Last week we talked about when to call in a pro to help with home repair projects. This week I am featuring some DIY home repair and maintenance projects for pesky problems that you can handle yourself. Some of these have surprisingly simple, and sometimes unusual, solutions.
If your toilet seems to be flushing with less oomph than normal, don’t automatically assume it is the water pressure. Ninety percent of the time the problem is that the holes under the rim are clogged with calcium and sediment. Get a small brush with stiff bristles and clean them out. The flushing power of the toilet will improved significantly.
If you want to replace the grout, you have two options: Dig it out by hand or use a grout-removal attachment on a rotary tool. Let’s go with the latter. Allow a strong grim cleaner (Formula 409 also works just fine) to soak in for several hours, not just a few minutes. Grab a small brush (a toothbrush with firm bristles works well) and vigorously scrub. Your bathroom will look so much cleaner!
Use a silicone-base seam sealer to fill the tear and wipe off the excess with a dry cloth. Or try this easy fix: If it’s a no-wax floor and the tear is small, take a bar of soap and rub it sideways along the cut until it is filled. Unless you soak the vinyl in water and use a brush to scrub, the soap will stay in place during routine cleaning.
This handy DIY project can make a dramatic difference in your bathroom or kitchen. Remove the grout around the tile with a grout saw (available for less than $5 at paint hardware stores). If a tile has already started to chip, continue to break off little pieces and remove the entire damaged tile. If not, make a hole in the center with a masonry drill, which will break the tile, and remove the pieces from the center outward. Glue the new tile in place with an adhesive such as Liquid Nails, then apply fresh grout around the edges
Hardware stores sell a number of scratch fillers that look like brown pencils or crayons. Find the shade that most closely matches your cabinet and rub it into the scratch. Hide marks in furniture, trim, and floors using Minwax markers (about $5 each, in nine colors; at hardware stores). They provide pinpoint stain application
You can hide a damaged finish on antique furniture or any fine woodwork by applying a coat of pigmented wax, such as Briwax, or a pigmented polishing fluid, also known as scratch cover, which will make fine scratches barely noticeable.
Remove the ice bin and find the tray where the water freezes into ice cubes. Open the tray and look for a little piece of plastic pipe where the water flows into the ice-cube tray. The end of that pipe can freeze up. You can thaw it out by aiming a hair dryer at the pipe. It should thaw within five minutes.
First things first – stop the flow of water to the faucet by turning off the stop valves under the sink. If it’s an old faucet, remove the handle by unscrewing it. (The screw may be hidden under a plastic piece that you can flip off with a pocketknife.) Once the handle is off, remove the chrome cylinder underneath, then remove the nut that holds the stem in place. Pull out the stem and replace the washer. New faucets have “seats” that serve the same purpose as a washer, but you need to buy one that’s specifically for the brand and model of your faucet. Disassemble the faucet and take it to a hardware or plumbing store if you need help identifying the model.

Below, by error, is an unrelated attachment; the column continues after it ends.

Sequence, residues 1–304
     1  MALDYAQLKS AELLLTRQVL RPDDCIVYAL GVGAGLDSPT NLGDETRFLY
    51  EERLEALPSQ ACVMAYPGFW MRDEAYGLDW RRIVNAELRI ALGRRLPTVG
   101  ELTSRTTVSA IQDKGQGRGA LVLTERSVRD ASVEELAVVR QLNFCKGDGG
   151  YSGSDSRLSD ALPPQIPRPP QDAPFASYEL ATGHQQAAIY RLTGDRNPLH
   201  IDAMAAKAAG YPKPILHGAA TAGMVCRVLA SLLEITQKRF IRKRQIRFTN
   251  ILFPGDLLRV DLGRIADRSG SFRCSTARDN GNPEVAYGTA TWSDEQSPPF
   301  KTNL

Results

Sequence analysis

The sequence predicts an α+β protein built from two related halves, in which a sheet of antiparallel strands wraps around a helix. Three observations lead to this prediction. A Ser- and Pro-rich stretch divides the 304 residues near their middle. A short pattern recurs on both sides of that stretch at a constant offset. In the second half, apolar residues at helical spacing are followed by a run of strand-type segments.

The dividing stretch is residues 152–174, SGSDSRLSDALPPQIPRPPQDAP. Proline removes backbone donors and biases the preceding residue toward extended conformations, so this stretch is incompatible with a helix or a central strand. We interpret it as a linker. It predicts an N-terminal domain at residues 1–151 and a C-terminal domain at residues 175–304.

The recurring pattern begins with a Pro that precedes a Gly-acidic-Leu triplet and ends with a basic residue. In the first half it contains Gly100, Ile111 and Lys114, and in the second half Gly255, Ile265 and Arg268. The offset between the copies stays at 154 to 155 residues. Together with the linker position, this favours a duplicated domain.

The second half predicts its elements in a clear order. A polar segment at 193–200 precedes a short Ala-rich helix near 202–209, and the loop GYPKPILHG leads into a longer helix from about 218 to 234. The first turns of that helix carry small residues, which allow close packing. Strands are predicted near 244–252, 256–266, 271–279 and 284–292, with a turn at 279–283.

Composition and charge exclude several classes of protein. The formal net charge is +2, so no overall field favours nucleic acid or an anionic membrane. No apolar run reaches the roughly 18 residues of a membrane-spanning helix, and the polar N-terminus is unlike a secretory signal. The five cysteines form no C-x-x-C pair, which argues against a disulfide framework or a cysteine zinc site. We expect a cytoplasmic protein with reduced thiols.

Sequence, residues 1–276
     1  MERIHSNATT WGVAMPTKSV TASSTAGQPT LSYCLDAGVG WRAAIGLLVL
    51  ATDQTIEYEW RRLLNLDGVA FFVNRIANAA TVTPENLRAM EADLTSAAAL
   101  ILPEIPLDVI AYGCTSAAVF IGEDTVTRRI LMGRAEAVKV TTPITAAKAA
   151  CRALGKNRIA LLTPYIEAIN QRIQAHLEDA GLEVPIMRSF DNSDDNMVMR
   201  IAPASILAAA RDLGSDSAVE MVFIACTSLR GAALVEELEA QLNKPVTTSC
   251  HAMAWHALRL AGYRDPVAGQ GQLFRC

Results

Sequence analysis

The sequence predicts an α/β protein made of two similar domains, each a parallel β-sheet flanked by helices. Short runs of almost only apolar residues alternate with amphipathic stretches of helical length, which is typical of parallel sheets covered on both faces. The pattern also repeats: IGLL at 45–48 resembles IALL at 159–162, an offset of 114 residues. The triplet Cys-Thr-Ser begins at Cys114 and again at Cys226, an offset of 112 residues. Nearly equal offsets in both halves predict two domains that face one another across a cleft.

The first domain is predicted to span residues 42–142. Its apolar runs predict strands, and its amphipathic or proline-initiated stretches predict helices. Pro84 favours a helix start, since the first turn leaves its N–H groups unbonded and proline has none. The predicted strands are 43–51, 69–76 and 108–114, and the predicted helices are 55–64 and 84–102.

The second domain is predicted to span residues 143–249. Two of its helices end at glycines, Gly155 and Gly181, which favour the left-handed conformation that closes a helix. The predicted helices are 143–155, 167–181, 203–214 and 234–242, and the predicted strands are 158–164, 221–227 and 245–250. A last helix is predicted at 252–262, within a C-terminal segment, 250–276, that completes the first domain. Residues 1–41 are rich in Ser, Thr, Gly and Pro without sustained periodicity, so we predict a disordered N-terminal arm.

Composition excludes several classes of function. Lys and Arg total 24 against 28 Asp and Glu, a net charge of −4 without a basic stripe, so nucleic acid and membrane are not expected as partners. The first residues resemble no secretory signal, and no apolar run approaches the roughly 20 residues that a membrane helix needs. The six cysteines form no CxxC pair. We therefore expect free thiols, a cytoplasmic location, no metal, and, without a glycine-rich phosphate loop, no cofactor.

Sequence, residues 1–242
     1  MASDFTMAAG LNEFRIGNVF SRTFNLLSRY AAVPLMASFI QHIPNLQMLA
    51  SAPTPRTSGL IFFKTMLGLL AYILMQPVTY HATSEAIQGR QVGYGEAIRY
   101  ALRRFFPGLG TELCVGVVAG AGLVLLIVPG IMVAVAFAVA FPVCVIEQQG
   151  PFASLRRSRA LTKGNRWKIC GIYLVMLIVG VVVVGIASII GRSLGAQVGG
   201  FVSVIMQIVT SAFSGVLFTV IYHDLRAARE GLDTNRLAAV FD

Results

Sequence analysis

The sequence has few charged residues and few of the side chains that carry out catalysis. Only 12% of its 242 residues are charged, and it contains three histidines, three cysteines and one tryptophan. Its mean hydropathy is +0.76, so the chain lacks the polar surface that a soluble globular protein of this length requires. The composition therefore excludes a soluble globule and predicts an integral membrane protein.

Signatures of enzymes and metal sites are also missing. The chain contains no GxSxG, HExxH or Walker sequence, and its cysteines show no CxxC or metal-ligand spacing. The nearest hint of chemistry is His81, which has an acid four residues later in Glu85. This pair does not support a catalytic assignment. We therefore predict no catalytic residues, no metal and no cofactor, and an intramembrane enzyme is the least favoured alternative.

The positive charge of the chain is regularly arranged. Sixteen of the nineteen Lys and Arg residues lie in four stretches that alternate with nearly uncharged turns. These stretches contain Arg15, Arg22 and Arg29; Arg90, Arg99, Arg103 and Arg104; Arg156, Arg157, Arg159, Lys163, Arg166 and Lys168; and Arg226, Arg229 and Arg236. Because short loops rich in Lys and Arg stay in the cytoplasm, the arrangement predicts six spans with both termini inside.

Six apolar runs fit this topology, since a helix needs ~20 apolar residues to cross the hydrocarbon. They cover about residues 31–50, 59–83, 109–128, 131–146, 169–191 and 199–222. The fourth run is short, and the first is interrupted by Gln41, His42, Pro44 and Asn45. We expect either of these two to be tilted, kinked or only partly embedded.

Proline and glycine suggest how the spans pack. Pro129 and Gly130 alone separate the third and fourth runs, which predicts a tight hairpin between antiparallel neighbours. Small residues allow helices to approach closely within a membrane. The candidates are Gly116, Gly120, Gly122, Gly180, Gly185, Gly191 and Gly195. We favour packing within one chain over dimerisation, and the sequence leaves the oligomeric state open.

Bumpy Plaster Walls
Brush on a matte paint rather than the usual eggshell. The ultra-flat sheen helps hide imperfections in the surface; any amount of glossiness reflects light and highlights unevenness.
Unclog a Sink
The surest solution is to remove the P-trap, flush out the clog, and reinstall the trap. You can also try clearing the clog from above. Just unscrew the ball-and-socket connection that holds the assembly together in the back of the sink, slide out the rod, and remove the pop-up stopper. The offending glob—or at least enough of it to get the drain flowing again—is likely to come out on the end of the stopper. Clean it off, replace and hand-tighten the its ball-and-socket nut.
Quiet a Bathroom Fan
That noisy vent fan may just be the rattle of a loose cover. For a simple fix, remove the cover and bend the spring-loaded attachment brackets slightly so that they grip a little tighter against the ceiling. While you’re at it, switch off the circuit breaker and vacuum the unit’s insides to quiet the fan blades and take the strain off the motor.
First, check the closet bolts holding the bowl to the floor. If they’re loose, hand-tighten them, then give an additional quarter-turn with a wrench. If they’re already tight, steady the toilet by slipping some plastic plumbers’ shims into the gap where the bowl meets the floor. You’ll find these useful wedges in plumbing-supply stores, as well as home improvement stores.
Loose Laminate Countertop
Use a heat gun, or even a hair dryer, to gently heat the laminate and soften the old glue underneath. Whack it with a rubber mallet or a hammer cushioned by a block of wood. Weigh it down for about an hour with a stack of heavy blocks while the laminate cools and readheres to the substrate.
Weak Showerhead Flow
Your showerhead could be clogged with mineral deposits. Gently unscrew it from the pipe and soak it overnight in vinegar. (If you don’t have that much time, a 50-50 mixture of hot water and CLR, a powerful calcium dissolver, will do the job in a few minutes.) Then wrap new Teflon tape clockwise around the pipe threads and turn the head back into place.
What handy DIY techniques do you use to keep your home in tip-top shape?